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So you have just had a baby and now starting to think about returning to exercise, but where to start…
In this post I am going to share my advice on the optimum timeline for returning to exercise after having a baby. Please remember that this is a loose outline as your recovery is individual to your pregnancy, delivery, lifestyle and overall health. If you had a c-section or a difficult delivery then you may need longer to recover so please don’t rush or beat yourself up for taking your time.

Unfortunately the rhetoric around postnatal recovery is still very much along the lines of panic, confusion and a mad rush to get back to ‘normal’ as soon as possible. I totally understand why this happens as we want to feel good and return to a familiar level of exercise.

Firstly, I think its important to say there is no shame in wanting to get back to your pre pregnancy exercise routine & wear your old clothes again. Feeling strong, body confident and moving pain free is so good for your mental health as well as your physical wellbeing. However I always say to everyone please do not rush the process! Trying to run before you can walk (often quite literally!) isn’t going to do you any favours either in the short or long term.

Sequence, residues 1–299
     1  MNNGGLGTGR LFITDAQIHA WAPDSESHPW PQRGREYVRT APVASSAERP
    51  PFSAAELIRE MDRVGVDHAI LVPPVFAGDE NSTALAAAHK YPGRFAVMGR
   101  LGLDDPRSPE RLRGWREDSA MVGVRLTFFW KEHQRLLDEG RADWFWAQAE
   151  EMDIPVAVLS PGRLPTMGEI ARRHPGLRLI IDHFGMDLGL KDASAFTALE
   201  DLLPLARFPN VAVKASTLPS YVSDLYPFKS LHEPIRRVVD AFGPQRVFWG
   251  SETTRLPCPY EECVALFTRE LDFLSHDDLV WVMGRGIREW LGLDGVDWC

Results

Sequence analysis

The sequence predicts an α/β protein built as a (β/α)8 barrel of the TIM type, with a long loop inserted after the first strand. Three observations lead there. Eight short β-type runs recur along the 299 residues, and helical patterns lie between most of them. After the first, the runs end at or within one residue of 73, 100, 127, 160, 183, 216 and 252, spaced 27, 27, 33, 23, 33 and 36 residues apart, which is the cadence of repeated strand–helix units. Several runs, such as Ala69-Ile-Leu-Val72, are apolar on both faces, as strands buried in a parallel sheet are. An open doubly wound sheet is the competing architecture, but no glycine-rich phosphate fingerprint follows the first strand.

However you delivered your baby the first six weeks should ultimately be for rest & recuperation. Your body needs this time to heal from the inside out. During this time sleep is so minimal and your hormones are raging so adding more stress on the body will just prolong the healing process. During the first few weeks please give your body the chance to perform its natural recovery process. Your body is incredible and will start working after delivery on getting things back in line by itself.

We can however help the process along by eating a well balanced nutritional diet and staying well hydrated. That doesn’t mean dieting but making sure you are eating enough, not skipping meals, getting a good mix of food groups and avoiding constipation, which is a common complaint in those first few weeks after delivery.


So where do we start our journey to return to exercise…


Whether you had a vaginal or c-section delivery this is vital. Your pelvic floor went through a lot supporting the added weight of your bump through pregnancy. For vaginal deliveries you may have tears and stitches that need to heal. Performing kegels can actually aid the recovery of these due to increasing blood flow to the area so don’t be afraid to work on them. Ideally we want to start doing kegels once you have had your first wee after delivery. The optimum amount of practise is three times a day each time performing 10 x squeeze and releases and 10 x 10 second squeeze and holds. The NHS Squeezy app can be really helpful as it times you and sends you reminders so you don’t forget (which is easily done in the newborn blur).